The Wind Engineering Society

Our aim is to promote cooperation in the advancement and application of knowledge in all aspects of wind engineering. We:

  • Organise conferences and regular technical meetings in the UK.
  • Publish a quarterly newsletter.
  • Act as a representative body for wind engineering in the UK.

What is Wind Engineering?

Wind Engineering is a wide ranging multi-disciplinary subject that has developed over the last few decades, and is concerned with the effects of wind on the natural and built environment. These effects can be both catastrophic, leading to the failure of major buildings or other structures, or can lead to discomfort and disruption.


A forum for the discussion of matters related to wind engineering has existed in the UK for many years, with informal meetings being held since 1963 at the National Physical Laboratory, the Building Research Establishment and elsewhere. In the late eighties it became apparent that there was a need to formalise these activities and a number of likeminded research workers, academics and colleagues from industry formed the Wind Engineering Society (WES). The Society was formally inaugurated in September 1990, and in May 1991 it became an Associated Society of the Institution of Civil Engineers.


The Wind Engineering Society (WES) is an Associated Society of the Institution of Civil Engineers.

The WES is the UK national delegate to the International and European Associations for Wind Engineering. The International Association for Wind Engineering (IAWE) coordinates a series of conferences on Wind Engineering and related topics. The International Conference on Wind Engineering (ICWE) is held on a four year cycle.

Also on a four year cycle, but two years apart from the International Conference, are the three regional conferences:

  • European and African Conference on Wind Engineering (EACWE).
  • Asia Pacific Conference on Wind Engineering (APCWE).
  • Americas Conference on Wind Engineering (ACWE).

The IAWE also coordinates the following more specialised conferences:

  • International Colloquium on Bluff-Body Aerodynamics and its Applications (BBAA).
  • International Symposium on Computational Wind Engineering (CWE).


The WES aims to cover all aspects of study relevant to Wind Engineering. This includes, amongst others:

  • The structure of boundary layer winds.
  • Classification, identification and description of severe storms.
  • Wind loads on buildings and structures.
  • Wind effects in urban areas including building climatology.
  • Transportation, entrainment and deposition of pollutants and particulate matter.
  • Full scale measurements.
  • Physical and numerical modelling methods.
  • Wind energy.
  • Vehicle aerodynamics, including train and ship stability problems.
  • Tunnel airflow problems.
  • Ventilation of buildings.


In short, the objectives of the Society are to promote cooperation in the advancement and application of knowledge in all aspects of wind engineering. It aims to attract researchers, engineers, architects and others engaged in the design and operation of structures, vehicles or crops subject to wind forces; or concerned with pollution dispersion and other environmental effects influenced by the wind; or concerned with other problems such as ventilation where the same knowledge is strongly relevant.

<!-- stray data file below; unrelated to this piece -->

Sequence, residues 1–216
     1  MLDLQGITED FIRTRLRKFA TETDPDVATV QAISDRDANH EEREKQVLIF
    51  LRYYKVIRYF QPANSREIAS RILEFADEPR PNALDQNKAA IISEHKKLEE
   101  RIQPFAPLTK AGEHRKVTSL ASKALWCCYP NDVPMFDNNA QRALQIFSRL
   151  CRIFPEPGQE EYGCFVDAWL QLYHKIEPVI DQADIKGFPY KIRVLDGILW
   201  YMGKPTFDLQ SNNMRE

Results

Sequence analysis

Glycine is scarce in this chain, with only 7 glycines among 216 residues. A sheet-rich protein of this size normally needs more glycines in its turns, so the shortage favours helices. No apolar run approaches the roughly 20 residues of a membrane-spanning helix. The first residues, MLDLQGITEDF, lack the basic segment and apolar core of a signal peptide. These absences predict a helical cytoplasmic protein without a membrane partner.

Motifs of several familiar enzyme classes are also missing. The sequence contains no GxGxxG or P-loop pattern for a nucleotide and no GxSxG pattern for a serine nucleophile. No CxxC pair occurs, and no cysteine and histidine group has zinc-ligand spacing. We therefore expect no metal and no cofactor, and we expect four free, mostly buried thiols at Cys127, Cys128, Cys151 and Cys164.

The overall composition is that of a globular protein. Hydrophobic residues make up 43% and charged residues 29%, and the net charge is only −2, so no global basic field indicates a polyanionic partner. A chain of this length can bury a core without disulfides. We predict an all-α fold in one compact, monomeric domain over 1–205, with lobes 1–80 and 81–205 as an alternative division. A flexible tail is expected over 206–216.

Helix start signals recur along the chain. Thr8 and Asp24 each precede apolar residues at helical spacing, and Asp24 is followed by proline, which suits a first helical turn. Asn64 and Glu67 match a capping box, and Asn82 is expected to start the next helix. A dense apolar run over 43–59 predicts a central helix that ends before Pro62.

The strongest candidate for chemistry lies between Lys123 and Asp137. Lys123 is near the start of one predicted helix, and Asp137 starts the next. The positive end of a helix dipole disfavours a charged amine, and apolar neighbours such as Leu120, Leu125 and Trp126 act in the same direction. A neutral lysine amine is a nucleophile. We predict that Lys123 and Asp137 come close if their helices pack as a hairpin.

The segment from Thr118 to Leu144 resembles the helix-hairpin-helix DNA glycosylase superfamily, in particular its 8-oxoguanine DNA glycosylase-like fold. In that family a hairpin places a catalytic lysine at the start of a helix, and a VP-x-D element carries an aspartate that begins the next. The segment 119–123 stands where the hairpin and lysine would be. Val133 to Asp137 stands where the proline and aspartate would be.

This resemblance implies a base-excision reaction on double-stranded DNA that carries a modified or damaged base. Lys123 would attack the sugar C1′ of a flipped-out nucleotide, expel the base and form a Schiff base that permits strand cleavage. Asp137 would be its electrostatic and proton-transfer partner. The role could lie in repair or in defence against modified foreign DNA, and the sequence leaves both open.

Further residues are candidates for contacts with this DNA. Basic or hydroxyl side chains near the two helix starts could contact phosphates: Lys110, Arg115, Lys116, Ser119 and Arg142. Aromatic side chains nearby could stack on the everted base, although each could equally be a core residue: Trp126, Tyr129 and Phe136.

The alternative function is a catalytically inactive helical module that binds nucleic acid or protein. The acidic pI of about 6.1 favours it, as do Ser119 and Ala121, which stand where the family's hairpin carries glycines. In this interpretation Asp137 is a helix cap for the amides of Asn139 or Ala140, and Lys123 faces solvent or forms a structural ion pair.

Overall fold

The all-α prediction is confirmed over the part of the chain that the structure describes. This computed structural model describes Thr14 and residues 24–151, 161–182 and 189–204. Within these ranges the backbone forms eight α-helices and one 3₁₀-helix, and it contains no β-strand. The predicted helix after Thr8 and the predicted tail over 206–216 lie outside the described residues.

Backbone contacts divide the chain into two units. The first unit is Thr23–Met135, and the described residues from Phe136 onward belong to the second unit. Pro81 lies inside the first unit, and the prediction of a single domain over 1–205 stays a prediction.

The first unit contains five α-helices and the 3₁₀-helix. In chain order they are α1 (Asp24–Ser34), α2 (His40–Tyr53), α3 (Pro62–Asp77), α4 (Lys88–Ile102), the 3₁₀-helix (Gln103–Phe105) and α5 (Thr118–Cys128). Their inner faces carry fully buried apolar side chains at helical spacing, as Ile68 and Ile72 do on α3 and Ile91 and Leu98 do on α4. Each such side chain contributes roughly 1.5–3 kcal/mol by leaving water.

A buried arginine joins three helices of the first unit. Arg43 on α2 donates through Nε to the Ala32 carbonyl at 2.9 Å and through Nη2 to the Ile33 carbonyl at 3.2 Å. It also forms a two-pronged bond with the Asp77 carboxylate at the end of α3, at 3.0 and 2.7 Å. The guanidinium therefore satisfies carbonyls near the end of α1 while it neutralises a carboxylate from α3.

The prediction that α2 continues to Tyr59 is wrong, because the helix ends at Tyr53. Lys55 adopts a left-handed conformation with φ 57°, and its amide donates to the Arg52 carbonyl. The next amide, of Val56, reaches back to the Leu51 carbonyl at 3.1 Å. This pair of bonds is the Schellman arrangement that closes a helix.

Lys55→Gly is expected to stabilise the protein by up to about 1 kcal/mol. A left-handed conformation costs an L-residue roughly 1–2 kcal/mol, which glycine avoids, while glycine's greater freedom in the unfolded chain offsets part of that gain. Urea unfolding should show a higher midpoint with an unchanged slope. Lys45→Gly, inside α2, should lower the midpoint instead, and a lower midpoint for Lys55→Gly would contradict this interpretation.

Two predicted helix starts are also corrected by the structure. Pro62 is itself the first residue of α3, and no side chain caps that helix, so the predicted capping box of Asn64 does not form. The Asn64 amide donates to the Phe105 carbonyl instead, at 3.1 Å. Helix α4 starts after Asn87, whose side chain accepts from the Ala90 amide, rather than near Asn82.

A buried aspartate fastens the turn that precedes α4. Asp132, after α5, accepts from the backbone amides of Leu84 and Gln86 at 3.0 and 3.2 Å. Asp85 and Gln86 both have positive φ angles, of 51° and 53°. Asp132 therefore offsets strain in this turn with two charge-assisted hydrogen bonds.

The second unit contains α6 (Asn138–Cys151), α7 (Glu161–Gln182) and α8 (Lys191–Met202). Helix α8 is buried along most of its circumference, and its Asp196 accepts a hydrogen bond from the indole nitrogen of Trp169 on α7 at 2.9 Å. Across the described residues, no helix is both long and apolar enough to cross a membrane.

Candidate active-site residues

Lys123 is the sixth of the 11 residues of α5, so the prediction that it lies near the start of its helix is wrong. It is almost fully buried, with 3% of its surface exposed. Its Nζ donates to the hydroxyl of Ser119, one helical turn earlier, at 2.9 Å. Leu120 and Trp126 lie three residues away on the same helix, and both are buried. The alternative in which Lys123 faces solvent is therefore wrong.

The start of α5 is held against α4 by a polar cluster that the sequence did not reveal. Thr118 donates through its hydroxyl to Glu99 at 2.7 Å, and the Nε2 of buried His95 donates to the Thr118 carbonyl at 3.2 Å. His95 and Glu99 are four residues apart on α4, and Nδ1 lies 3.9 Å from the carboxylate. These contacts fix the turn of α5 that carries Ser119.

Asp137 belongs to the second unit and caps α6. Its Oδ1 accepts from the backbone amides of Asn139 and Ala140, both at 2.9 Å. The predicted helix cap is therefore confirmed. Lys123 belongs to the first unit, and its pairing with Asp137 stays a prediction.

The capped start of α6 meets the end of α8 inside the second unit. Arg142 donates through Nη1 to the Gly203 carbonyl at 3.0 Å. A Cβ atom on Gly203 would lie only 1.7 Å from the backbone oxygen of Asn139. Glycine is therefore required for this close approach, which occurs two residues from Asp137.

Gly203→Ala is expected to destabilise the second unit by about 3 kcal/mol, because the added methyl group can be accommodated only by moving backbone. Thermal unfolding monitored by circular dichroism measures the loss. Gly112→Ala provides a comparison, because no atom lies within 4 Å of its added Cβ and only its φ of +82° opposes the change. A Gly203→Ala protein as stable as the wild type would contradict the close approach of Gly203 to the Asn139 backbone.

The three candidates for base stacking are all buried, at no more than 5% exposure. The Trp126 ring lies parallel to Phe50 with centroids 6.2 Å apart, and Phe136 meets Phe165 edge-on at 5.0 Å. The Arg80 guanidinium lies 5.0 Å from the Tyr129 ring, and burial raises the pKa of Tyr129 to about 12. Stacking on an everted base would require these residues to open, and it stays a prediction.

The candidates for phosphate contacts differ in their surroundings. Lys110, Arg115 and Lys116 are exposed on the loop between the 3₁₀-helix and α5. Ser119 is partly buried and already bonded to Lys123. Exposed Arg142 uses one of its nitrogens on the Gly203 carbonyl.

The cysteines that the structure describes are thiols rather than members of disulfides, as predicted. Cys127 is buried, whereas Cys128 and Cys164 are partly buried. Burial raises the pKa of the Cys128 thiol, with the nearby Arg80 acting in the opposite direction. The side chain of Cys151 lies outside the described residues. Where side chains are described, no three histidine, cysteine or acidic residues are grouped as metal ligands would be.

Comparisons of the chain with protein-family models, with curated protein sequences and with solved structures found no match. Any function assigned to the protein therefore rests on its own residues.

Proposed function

Specifically, these general aspirations require WES to:

  • Stimulate research into the field of wind engineering.
  • Provide a means of communication for the exchange of information among research workers and practitioners.
  • Act as a focus to identify research, development and application needs in wind engineering.
  • Promote wind engineering methods and good practice in industry.
  • Offer advice on wind engineering to interested parties related to both specific problems and long term research objectives.
  • Act as a representative body in matters relating to the welfare of wind engineering in the UK and such other countries that request representation through membership of the Society.
  • Act as a representative for the wind engineering community in the UK and such other countries that request representation through membership of the Society in relation to the International Association of Wind Engineering and other international bodies.
  • In furtherance of the foregoing objectives, but not further or otherwise, to collaborate with other organisations in the pursuit of any object or objects in common.

WES Activities

  • Technical meetings: are held regularly through the year, usually at the ICE in London.
  • The Scruton Lecture: is the Society’s flagship event held every two years. It is named after Christopher Scruton, a pioneer of Wind Engineering in the UK, and is presented by an invited speaker of international standing.
  • The UK conference on Wind Engineering: is also held on a biennial basis and provides an active forum for the presentation of the latest research and case studies from industry.

Joining the Wind Engineering Society

The Society welcomes all who have an interest in wind engineering, whether in research or in application to design and construction.  The current yearly subscription rates are as follows:

  • Corporate Members (with >25 employees)
  • Corporate Members (with <25 employees)
  • Individual Members
  • Student Members
  • Retired Members

In addition there are special classes of membership for those active in wind engineering who are judged to be eminent in the field (Fellows) and for others who have rendered outstanding service to wind engineering (Honorary Members).

For further information please contact us

One Great George Street,
United Kingdom
Tel: 020 7665 2262
Fax: 020 7799 1325


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